I'm fairly new to Diva, but I believe I've read all of the relevant documentation to get started with it. I am trying to run a Climate-Based Daylight Simulation, using a Daylight Availability Metric (see attached photo for settings). As far as I can see it doesn't specifically come up with an error in the DOS window when running the simulation, it just hangs there at a particular point (see error photo attached). It gets to the point of, "calculate 63 daylight coefficients for variant static_shading_system..." and then it just sits there. I've waited for over 2 hours thinking it might just be a long simulation time, but I've tried other simulations and they only take about 10-20 minutes. It's not a complex or large model either, it was all modeled within Rhino 5 and only has 2500 nodes. I have done 'point in time illuminance' simulations, which work perfectly fine, which makes me think the materials file is working properly. I tried saving it out as a new file as well, just in case there was some existing simulation data that was creating an error. But I still seem to have the same problem.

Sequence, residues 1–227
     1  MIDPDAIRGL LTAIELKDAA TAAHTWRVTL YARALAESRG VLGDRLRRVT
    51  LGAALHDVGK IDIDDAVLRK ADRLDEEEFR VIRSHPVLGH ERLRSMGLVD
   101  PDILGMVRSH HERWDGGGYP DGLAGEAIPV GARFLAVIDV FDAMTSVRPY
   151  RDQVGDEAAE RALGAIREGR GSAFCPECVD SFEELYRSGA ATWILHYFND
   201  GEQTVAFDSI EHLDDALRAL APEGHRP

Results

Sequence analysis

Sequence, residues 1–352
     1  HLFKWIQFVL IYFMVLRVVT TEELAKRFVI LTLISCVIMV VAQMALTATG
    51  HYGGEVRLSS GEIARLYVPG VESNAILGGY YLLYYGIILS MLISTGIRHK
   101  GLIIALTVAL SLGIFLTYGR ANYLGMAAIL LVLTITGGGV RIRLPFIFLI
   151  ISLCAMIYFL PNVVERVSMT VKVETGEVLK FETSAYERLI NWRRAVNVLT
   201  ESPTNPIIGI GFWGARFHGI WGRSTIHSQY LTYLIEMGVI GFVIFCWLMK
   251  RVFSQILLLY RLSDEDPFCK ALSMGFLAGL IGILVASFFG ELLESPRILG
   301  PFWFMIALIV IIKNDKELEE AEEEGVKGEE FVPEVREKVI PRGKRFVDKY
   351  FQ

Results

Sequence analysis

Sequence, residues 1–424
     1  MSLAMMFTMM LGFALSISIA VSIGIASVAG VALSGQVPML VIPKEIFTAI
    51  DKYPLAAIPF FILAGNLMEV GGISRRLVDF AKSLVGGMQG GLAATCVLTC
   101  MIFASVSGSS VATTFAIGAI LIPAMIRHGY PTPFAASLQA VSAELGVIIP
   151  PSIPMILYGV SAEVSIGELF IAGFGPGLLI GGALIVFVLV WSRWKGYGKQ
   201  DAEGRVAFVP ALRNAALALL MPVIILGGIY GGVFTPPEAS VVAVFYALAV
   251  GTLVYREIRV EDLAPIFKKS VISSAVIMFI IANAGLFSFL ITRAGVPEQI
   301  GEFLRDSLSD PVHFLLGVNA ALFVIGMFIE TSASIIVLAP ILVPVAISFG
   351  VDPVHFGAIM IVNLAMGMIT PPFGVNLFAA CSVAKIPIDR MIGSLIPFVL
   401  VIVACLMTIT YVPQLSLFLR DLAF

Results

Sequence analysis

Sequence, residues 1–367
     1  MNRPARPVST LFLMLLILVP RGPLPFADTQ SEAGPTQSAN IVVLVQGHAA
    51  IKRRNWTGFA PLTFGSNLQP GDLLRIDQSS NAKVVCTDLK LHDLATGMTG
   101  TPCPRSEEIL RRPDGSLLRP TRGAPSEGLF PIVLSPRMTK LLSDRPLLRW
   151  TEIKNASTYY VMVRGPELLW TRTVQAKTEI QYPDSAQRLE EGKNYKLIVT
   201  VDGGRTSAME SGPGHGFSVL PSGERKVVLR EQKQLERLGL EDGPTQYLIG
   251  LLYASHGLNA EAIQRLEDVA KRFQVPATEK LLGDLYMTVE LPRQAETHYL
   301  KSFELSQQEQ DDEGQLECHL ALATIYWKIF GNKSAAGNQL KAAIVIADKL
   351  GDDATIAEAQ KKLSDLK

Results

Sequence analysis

Any ideas on what the problem might be? Or if it's a problem at all? 


Justin Dunn

Tags: Climate-Based, Daylight Availability, Daylight Simulation, error

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Hi Justin,

Typically the climate-based metrics will take somewhere ~20 times longer than a regular point-in-time illuminance calculation. This is mostly due to the increase in direct solar positions in the simulation model (1 for point in time, ~65 for climate-based).

My suggestion would be to try running the calculation before you go to sleep one night to see if it completes in the interim.



Thanks for the reply Alstan, it does clear things up. I started a clean file and managed to get it to work with default materials, took under 2 hours to run. So it seems that adding more complex materials greatly increases the simulation time.  
Thanks for your help,


Hi Justin,

Indeed. Often the addition of materials with specularity (and especially roughness) can increase calculation times. It takes a bit of experience to get a feeling for these types of issues, so I am glad the comments helped!


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